It is understood that this is possible as the MCT fats provide an alternative energy source to for these neurons. This allows them to function when they would otherwise die as they are unable to access the normal, glucose based energy available in the body. More research is planned to investigate and substantiate these findings further.

Rescuing the Brain

Coconut oil works by addressing the metabolic derangement in the brain, it provides an alternative energy source which allows the cells to heal and function normally again. The derangement of the brain is also known as Type 3 Diabetes. This is the naturally occurring resistance to insulin which makes the brain incapable of absorbing glucose properly. As the brain require a huge amount of energy on a daily basis an inability to obtain enough of this will have a detrimental effect on the brain cells; starting with the less vital ones.

Coconut oil appears to not only provide instantly usable energy to the brain but it can also provide the basis of new brain cells allowing the brain not only to repair itself but to grow and accept new information. Those who suffer from Alzheimer’s and have taken coconut oil have shown significant improvement in cognitive function and memory.

Poetic license

Alongside the research and gradual increase in positive results from this natural substance it may be of interest to note that the coconut is actually composed in a similar way to the human head. A coconut has an extremely hard outer shell, much like the human skull. Inside is a fatty acid-rich ‘meat’, this is the food source for the organ (brain) that they resemble. Walnuts have a similar look and have also been attributed with a variety of health benefits. It suggests that Mother Nature is prompting the use of coconuts and other natural foods by associating them with the part of the body they help.

Of course, this is subjective and it will probably take many years and many millions or billions of dollars before this is proved by scientists. In the meantime you will need to draw your own conclusions as to whether to incorporate this ‘food as medicine’ approach to health. Many would say that coconut oil for Alzheimer’s is a holistic type of treatment. Even though actual physicians managed to connect the oil to the diseases, numerous other related studies are still trying to prove that the connection is real, and that coconut could stop the formation of plaques in Alzheimer’s.

As Edward Francis from Supplemented.co.uk  says “…there’s no cure for dementia. Nevertheless, scientists are not losing hope…Dr. Newport was determined to help her husband, and apparently she managed to reserve the severe symptoms with coconut oil…” It is important though to ask the advice of a professional in the domain before starting a treatment. We will continue trying anything that can be of help to alleviate if not to stop such a cruel disease.

Anemia in Older Adults Might Increase Risk for Dementia

August 7th, 2013 by Doris Bersing

blood-20745_640A new study published in Neurology suggests that older adults with anemia have an increased risk of developing dementia.

Read more about the study and findings.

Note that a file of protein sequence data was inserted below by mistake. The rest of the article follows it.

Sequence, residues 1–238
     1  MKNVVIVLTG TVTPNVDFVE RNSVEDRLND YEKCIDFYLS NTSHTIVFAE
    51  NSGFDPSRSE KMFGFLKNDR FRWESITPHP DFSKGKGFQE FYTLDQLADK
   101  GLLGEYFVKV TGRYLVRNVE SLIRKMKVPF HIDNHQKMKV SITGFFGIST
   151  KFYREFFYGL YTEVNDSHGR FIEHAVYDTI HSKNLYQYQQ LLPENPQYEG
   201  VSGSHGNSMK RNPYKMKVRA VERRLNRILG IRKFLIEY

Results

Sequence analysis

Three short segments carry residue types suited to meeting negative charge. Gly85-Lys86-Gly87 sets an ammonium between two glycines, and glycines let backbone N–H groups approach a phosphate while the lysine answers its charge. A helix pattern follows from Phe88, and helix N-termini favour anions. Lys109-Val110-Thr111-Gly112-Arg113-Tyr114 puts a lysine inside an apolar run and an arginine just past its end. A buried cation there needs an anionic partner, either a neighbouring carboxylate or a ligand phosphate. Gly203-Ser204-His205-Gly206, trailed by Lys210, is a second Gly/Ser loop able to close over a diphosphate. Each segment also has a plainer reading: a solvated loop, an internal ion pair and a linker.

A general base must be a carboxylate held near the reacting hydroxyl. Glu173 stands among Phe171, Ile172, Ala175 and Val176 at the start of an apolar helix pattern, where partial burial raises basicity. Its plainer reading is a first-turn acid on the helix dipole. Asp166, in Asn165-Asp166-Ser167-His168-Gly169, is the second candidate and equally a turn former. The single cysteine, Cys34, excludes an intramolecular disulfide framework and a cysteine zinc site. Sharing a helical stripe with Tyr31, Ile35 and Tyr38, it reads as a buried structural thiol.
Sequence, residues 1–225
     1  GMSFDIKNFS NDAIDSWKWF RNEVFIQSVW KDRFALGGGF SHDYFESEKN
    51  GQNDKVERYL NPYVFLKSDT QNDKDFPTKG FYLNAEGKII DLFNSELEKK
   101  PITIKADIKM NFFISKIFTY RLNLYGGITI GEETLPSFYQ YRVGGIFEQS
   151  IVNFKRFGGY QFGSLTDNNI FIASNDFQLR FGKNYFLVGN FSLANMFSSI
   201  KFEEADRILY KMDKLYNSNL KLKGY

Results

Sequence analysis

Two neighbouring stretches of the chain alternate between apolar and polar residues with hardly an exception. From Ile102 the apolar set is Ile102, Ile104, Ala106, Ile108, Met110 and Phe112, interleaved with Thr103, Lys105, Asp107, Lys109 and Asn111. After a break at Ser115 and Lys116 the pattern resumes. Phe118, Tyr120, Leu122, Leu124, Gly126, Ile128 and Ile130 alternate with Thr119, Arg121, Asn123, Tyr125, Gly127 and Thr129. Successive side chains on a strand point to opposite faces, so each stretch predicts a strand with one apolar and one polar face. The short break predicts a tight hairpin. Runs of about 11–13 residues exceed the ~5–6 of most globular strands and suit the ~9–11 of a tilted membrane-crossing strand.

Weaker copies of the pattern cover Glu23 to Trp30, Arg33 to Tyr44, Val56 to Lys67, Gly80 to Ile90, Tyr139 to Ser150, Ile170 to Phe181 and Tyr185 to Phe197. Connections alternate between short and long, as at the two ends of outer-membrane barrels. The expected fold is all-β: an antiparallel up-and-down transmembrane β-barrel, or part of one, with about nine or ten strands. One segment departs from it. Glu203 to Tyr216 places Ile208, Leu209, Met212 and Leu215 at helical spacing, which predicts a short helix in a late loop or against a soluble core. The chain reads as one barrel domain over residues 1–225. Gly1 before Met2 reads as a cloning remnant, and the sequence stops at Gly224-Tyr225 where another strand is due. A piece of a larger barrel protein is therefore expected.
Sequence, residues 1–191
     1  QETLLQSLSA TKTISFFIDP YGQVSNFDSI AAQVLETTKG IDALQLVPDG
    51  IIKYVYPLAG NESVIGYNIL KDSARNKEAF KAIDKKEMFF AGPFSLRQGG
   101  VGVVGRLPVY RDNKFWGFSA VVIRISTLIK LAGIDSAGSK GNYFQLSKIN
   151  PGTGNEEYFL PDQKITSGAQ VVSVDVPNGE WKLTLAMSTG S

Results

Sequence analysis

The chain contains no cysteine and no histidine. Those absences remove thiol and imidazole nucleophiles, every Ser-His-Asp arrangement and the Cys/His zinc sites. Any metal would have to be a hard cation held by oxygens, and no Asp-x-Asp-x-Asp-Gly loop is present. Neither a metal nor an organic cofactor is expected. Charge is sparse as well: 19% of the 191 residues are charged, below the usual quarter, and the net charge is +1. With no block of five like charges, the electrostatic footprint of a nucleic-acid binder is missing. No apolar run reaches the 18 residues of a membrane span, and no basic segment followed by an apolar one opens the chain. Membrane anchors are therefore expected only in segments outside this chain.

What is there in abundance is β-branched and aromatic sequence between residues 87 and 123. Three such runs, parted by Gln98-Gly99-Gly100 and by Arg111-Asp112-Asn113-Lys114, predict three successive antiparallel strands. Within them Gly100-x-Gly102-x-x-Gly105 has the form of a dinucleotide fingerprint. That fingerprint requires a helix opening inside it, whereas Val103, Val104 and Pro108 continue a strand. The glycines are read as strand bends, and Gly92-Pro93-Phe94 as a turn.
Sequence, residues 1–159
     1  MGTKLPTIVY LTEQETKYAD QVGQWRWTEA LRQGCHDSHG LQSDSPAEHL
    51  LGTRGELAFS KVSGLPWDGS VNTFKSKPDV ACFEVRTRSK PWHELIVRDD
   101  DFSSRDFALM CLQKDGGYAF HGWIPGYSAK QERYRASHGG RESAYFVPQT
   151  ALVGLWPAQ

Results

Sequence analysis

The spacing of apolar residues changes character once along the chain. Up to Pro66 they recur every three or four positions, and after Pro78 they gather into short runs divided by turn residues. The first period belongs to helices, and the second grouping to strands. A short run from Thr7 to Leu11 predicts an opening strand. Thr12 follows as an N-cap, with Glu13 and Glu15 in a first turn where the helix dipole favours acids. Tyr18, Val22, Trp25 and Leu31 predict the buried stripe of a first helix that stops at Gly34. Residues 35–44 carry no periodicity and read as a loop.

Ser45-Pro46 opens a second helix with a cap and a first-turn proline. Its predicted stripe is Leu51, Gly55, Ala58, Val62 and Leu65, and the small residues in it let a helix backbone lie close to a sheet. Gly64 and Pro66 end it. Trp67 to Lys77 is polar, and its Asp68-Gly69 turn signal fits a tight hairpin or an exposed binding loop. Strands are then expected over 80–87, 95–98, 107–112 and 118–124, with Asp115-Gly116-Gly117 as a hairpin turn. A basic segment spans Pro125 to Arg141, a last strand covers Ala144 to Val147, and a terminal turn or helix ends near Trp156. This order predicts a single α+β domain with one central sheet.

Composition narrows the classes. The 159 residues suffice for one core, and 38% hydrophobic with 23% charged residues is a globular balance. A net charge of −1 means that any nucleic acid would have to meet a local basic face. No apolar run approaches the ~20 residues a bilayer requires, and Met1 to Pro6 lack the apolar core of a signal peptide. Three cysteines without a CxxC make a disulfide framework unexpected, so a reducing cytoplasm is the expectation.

Elderly Sleep Pattern Changes May Help to Detect Dementia

July 19th, 2012 by Doris Bersing

Older adults who have too much, too little or restless sleep have an increased risk for Alzheimer’s disease, according to research presented at AAIC. One study found that women who slept too much or too little had brain changes equal to two years of aging; another showed that women with sleep apnea had twice the odds of developing a pre-Alzheimer’s condition.
Read the article 

Huntington’s sufferer puts a human face on a cruel disease

June 4th, 2012 by Doris Bersing

Huntington Disease (HD) is another neuro-psychiatric disorder of the central nervous system – like Parkinson’s, ALS, or Alzheimer’s- affecting as many as 1/10,000-1/20,000 people in the U.S.A. HD is an autosomal dominantly inherited neurodegenerative disease. The clinical features and age of onset are quite variable, but symptoms are most frequently detectable between 30-50 years of age.
HD is a seriously debilitating progressive disease. It results in cognitive impairment (e.g., loss of sensory-motor function, memory, and judgment), emotional/behavioral disturbance and loss of physical control, often over a period of ten to twenty years. Early physical symptoms may initially involve fidgeting, restlessness, changes in handwriting, or clumsiness. Symptoms will progress into more significant involuntary movements (chorea) of face, body and limbs, myoclonus, dystonia, incoordination, slurred speech (dysarthria) and difficulty with walking and swallowing (dysphagia). Cognitive, emotional and/or behavioral changes may precede, occur simultaneously, or follow the onset of physical symptoms.
A patient and advocate, CHRIS FURBEE is in a race against a disease that killed his mother, his aunt and his grandfather. Like them, the 46-year-old caregiver and part-time musician has Huntington’s disease, a genetic brain disorder so cruel it’s been likened to suffering from cancer, muscular dystrophy and Alzheimer’s at the same time. There is no cure for it, and it’s always fatal.
Read the article
View Furbee’s interview on Comcast local edition
View CBS Sunday Morning News story
Explore Chris Furbee’s website

How Music Brings Elders with Dementia Back to Life

April 11th, 2012 by Doris Bersing

guitar-77317_640Research has shown memory to be affected by many different factors. One of these factors is music, which has been found to stimulate parts of the brain. Many studies have demonstrated that music enhances the memory of Alzheimer`s and dementia patients. Music has also been found to reduce stress, aid relaxation and alleviate depression. Look at how an old man comes to life just using an i-pod!

See the video

Keeping Your Brain Healthy: Preventing Alzheimer’s

February 13th, 2012 by Doris Bersing

brain-78440_640See Dr. Gary Small’s interview on the Today Show about keeping your brain healthy: preventing Alzheimer’s.
Dr. Small is director of the UCLA Longevity Center at the University’s Semel Institute for Neuroscience & Human Behavior and professor of psychiatry at UCLA’s David Geffen School of Medicine. Named one of the world’s leading innovators in science and technology by Scientific American, he appears frequently on Today, Good Morning America, PBS, and CNN. Watch the interview